There were few signs Wednesday morning that President Barack Obama's State of the Union address will thaw in the chill that has so stymied the legislative process here. (Jewel Samad / AFP)
WASHINGTON — There were few signs Wednesday morning that President Barack Obama’s State of the Union address will thaw in the chill that has so stymied the legislative process here.
During his yearly address in the House chamber, Obama vowed to end the Afghanistan war even without a long-term security pact with Kabul, step up sanctions — or worse — against Iran is nuclear talks fail, reform NSA surveillance programs, and fight al-Qaida in Yemen, Somalia, Iraq and Mali.
But he also used the speech to challenge lawmakers to bend toward his whims to get deals done. If lawmakers don't, Obama said he will use executive orders and other tactics to enact parts of his agenda.
“I’m eager to work with all of you. But America does not stand still – and neither will I,” Obama said. “So wherever and whenever I can take steps without legislation to expand opportunity for more American families, that’s what I’m going to do.”
Pundits reacted to the around 90-minute speech with some surprise that Obama did not go farther in calling out Congress — namely, congressional Republicans — for bringing the gears of the legislative process to a slow grind. Over the five years of the Obama presidency, the GOP-run House has passed major bills that the Democratic-controlled Senate couldn’t pass, and Obama wouldn’t sign; the Senate has struggled to pass much of anything, including annual Pentagon spending and policy measures.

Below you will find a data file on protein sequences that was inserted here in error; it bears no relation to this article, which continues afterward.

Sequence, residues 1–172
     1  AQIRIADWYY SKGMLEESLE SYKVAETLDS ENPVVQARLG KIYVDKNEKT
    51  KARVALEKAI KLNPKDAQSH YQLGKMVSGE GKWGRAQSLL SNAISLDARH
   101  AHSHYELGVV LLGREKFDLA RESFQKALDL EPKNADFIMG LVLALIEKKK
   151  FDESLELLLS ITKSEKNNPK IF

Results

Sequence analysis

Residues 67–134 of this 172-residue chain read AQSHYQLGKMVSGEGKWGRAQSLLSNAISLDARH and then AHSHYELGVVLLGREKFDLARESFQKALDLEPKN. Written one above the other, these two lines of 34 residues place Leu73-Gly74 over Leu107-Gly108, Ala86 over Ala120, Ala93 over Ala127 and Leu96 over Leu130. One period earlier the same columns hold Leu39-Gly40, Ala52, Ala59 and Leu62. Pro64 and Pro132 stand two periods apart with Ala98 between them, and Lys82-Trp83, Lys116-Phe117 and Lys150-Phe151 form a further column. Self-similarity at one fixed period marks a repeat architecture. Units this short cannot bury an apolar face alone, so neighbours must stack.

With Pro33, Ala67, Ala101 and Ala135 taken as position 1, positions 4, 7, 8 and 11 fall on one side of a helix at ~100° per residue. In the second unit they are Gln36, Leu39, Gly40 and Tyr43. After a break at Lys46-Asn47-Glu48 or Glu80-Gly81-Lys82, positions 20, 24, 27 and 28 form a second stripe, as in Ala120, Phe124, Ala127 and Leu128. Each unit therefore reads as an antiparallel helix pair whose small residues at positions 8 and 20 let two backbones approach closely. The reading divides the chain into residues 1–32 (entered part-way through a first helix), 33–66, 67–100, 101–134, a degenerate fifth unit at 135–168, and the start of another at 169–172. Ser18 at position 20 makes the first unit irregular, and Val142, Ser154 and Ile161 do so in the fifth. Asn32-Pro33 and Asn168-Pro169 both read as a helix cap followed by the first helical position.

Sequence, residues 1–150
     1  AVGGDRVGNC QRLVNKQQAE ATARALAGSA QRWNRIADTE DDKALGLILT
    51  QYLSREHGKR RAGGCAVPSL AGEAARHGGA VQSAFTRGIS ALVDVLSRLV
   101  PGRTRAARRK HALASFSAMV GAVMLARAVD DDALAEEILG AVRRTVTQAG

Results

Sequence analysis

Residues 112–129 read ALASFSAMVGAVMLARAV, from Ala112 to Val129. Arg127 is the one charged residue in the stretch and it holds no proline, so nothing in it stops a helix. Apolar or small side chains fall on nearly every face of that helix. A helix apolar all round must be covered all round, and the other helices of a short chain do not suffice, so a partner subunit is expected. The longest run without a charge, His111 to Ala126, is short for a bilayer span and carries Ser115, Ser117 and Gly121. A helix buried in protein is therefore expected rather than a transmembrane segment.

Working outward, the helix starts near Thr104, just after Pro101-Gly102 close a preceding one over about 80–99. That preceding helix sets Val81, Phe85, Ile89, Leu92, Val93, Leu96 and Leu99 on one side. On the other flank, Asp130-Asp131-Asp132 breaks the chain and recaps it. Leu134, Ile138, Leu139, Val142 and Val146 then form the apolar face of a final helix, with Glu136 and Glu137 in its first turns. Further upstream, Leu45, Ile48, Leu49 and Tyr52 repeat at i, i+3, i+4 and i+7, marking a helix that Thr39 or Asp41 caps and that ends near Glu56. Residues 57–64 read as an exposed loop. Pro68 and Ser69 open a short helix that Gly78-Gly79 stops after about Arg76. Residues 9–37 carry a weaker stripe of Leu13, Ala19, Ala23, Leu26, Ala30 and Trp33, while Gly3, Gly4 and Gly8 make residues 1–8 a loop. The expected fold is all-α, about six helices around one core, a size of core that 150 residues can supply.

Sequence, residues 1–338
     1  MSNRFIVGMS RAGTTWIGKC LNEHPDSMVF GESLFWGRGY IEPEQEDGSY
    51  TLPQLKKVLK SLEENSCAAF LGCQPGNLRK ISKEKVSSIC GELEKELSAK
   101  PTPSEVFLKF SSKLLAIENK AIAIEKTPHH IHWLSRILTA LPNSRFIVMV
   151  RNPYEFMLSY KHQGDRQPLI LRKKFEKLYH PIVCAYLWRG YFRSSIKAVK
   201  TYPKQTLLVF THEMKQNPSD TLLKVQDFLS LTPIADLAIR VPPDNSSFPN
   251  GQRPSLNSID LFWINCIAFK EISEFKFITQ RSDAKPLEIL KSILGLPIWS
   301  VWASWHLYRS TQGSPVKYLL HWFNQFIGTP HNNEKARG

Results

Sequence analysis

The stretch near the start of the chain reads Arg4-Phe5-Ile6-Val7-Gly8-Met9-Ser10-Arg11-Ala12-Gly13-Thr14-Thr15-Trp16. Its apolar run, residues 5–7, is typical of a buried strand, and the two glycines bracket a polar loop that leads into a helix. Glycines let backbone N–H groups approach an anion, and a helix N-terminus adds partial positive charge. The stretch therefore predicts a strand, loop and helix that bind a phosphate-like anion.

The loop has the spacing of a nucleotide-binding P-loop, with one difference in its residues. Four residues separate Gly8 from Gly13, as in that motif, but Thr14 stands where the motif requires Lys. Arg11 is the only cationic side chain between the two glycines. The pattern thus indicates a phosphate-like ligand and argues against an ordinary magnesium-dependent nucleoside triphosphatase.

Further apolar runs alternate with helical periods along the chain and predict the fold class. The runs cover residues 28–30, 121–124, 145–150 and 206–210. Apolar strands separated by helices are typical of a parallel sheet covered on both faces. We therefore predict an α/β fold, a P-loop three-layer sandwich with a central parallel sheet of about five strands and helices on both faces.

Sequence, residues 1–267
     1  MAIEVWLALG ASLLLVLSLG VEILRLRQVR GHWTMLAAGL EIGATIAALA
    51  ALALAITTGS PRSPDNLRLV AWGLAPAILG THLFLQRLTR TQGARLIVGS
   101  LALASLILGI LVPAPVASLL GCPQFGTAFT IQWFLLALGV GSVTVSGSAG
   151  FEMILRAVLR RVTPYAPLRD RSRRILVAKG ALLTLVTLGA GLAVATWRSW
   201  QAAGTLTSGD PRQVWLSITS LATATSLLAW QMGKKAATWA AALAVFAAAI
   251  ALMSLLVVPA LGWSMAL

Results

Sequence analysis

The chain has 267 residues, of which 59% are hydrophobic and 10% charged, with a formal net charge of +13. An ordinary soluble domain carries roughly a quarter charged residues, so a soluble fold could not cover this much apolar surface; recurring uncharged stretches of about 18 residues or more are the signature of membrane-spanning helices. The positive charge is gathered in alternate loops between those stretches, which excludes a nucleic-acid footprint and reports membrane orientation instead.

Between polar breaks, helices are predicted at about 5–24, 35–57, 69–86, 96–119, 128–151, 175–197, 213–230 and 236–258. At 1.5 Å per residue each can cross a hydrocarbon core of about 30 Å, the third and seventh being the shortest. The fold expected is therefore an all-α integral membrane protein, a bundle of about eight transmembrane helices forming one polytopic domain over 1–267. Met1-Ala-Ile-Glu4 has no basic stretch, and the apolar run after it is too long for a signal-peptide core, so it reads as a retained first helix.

The White House sold Obama’s speech for a week as a having more confrontational tone. Yet, Obama several times said he is ready to work with lawmakers on issues like immigration reform that would help defense contractors, changing Obamacare, strengthening sanctions on Iran if nuclear talks fail and others.
The more-conciliatory-than-expected tone, however, did not produce a new tone from Capitol Hill. And the chilliness was bipartisan.
“While I understand and even appreciate President Obama’s commitment to making at least some progress in the coming year through executive orders, he should not give up on working with Congress,” Senate Appropriations Committee member Chris Coons, a Delaware Democrat and Obama ally, said in a statement. “Now more than ever, the country can’t afford for Republicans and Democrats in Washington to remain paralyzed.”
Obama said he would, “reform our surveillance programs — because the vital work of our intelligence community depends on public confidence, here and abroad, that the privacy of ordinary people is not being violated.”
He said he would work with Congress to do that, echoing his speech a few weeks ago on controversial NSA telephone and email spying programs. But there were no signs in the hours after his speech that Obama had convinced even Democratic proponents of the programs to help him.
In her statement on the speech, Senate Intelligence Committee Chairwoman Dianne Feinstein, D-Calif., opted against even mentioning that part of the state of the union address. The same is true of Senate Judiciary Committee Chairman Patrick Leahy, D-Vt., who wants major NSA surveillance program reform.
Also notable was the silence of key Democrats, like Senate Armed Services Committee Chairman Carl Levin of Michigan, on Obama’s intention to end the Afghanistan conflict even if Afghan leaders refuse to ink a long-term security deal that would keep some US forces there beyond this year.